The sad passing of an early star of right wing talk radio highlights some of the profound changes in news broadcasting and the conservative movement in general. Those transformations may seem lamentable in this season of Republican self-flagellation but actually demonstrate an improved ability for right-of-center arguments to play a significant role in the national dialogue.
I knew and liked the late Ray Briem, who succumbed to cancer at age 82 on December 11th. His last radio gig before his final 1997retirement placed him on KIEV AM 870 in Los Angeles, the station (and dial position) that soon thereafter became KRLA “The Answer,” and my own Los Angeles affiliate for nearly fifteen years. I worked with Ray on several occasions as a guest on his show and counted myself as a frequent listener to the wildly popular late night program he hosted in South California between 1967 and 1994 on KABC.
Ray always came across as a kindly conservative but never pushed his ideology or partisan agenda with the same aggressive fervor popularized by Rush Limbaugh in the late ‘80s. Together with Michael Jackson—his long-time liberal counterpart on KABC—he represented an earlier stage of the news-talk format, when avuncular hosts generally kept their distance from political candidates or major office-holders and mixed their political posturing with a host of life-style and local issues that fit into no predictable philosophical grid.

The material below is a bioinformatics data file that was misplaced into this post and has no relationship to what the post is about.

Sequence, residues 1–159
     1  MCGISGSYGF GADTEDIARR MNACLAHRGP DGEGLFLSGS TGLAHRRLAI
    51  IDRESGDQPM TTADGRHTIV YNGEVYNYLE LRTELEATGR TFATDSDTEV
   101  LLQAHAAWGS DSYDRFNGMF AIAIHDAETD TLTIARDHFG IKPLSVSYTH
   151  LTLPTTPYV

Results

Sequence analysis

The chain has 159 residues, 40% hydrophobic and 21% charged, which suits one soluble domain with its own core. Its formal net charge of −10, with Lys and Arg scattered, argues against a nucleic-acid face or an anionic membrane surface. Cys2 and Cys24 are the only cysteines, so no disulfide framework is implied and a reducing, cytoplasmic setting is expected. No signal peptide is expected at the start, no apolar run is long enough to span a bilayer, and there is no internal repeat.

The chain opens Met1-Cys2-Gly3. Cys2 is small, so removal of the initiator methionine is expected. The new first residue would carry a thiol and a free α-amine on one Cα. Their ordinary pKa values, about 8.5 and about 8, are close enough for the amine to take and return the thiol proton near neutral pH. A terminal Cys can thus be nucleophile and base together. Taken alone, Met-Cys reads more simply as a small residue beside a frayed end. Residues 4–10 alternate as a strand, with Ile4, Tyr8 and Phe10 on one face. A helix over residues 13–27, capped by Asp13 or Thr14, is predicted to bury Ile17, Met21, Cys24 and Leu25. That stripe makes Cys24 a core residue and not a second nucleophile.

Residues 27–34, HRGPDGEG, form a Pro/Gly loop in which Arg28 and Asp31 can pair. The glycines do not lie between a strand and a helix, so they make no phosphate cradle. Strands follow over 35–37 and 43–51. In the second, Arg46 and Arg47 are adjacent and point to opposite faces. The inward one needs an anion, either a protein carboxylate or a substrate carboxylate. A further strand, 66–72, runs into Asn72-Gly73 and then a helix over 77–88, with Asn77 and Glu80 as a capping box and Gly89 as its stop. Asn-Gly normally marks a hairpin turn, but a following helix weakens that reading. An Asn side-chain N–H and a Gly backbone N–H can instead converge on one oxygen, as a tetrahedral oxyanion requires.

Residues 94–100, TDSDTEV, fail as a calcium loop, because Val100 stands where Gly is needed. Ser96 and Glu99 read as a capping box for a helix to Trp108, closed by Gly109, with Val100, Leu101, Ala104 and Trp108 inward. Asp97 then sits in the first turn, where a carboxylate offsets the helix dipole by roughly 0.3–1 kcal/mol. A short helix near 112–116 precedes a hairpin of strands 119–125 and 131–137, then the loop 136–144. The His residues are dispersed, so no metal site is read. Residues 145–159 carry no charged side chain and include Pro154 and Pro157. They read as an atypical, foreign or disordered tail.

Sure, Ray pushed for citizen initiatives like the Proposition 13 tax limitation measure in 1978 or Proposition 187 in 1994, meant to halt the flow of illegal immigrants into the Golden State. But the Fairness Doctrine (enforced by the FCC until Reagan era changes in 1985) kept him from the open and impassioned partisanship that has always characterized “El Rushbo” and his many imitators and followers who now clearly dominate the talk radio industry. On his late-night show, airing from midnight to five a.m. for an amazing span of 27 years, Briem often discussed his passion for nostalgic Big Band music, or flying small planes, or ham radio. His resonant, mellifluous voice and patient, artful delivery perfectly suited the “graveyard shift” hours and gave him amazing traction among Southern California night owls: when he left his well-established perch on KABC, he drew an impressive 15.7 percent of the available listening audience.